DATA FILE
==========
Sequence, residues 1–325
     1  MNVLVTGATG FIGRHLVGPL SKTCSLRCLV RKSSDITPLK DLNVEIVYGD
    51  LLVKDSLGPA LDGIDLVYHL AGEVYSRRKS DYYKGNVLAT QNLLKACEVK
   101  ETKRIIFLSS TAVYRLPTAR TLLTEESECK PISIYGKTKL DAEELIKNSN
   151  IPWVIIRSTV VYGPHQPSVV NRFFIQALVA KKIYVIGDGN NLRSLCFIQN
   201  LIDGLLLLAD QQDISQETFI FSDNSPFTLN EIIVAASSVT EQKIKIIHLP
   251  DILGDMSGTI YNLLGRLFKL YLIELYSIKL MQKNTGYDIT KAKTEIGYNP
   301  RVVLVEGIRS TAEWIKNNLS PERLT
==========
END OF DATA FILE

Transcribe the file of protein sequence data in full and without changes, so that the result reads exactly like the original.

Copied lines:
Sequence, residues 1–325
     1  MNVLVTGATG FIGRHLVGPL SKTCSLRCLV RKSSDITPLK DLNVEIVYGD
    51  LLVKDSLGPA LDGIDLVYHL AGEVYSRRKS DYYKGNVLAT QNLLKACEVK
   101  ETKRIIFLSS TAVYRLPTAR TLLTEESECK PISIYGKTKL DAEELIKNSN
   151  IPWVIIRSTV VYGPHQPSVV NRFFIQALVA KKIYVIGDGN NLRSLCFIQN
   201  LIDGLLLLAD QQDISQETFI FSDNSPFTLN EIIVAASSVT EQKIKIIHLP
   251  DILGDMSGTI YNLLGRLFKL YLIELYSIKL MQKNTGYDIT KAKTEIGYNP
   301  RVVLVEGIRS TAEWIKNNLS PERLT